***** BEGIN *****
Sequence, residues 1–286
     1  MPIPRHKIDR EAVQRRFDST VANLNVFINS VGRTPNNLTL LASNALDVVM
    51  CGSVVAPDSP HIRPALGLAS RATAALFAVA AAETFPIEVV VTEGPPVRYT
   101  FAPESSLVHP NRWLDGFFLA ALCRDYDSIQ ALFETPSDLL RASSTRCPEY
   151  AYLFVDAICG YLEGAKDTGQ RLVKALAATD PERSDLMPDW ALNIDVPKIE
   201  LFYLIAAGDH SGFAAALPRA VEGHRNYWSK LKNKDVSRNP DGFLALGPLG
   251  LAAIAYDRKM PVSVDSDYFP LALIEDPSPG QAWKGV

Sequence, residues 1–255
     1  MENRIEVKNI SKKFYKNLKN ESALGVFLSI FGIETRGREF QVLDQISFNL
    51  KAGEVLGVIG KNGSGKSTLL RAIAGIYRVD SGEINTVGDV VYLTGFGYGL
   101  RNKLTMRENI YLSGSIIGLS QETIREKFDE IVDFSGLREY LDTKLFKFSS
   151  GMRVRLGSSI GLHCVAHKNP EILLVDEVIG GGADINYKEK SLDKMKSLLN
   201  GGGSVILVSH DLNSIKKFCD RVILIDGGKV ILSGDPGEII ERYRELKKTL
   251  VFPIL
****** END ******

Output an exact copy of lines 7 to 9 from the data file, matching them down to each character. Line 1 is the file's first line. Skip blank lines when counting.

   251  LAAIAYDRKM PVSVDSDYFP LALIEDPSPG QAWKGV

Sequence, residues 1–255
     1  MENRIEVKNI SKKFYKNLKN ESALGVFLSI FGIETRGREF QVLDQISFNL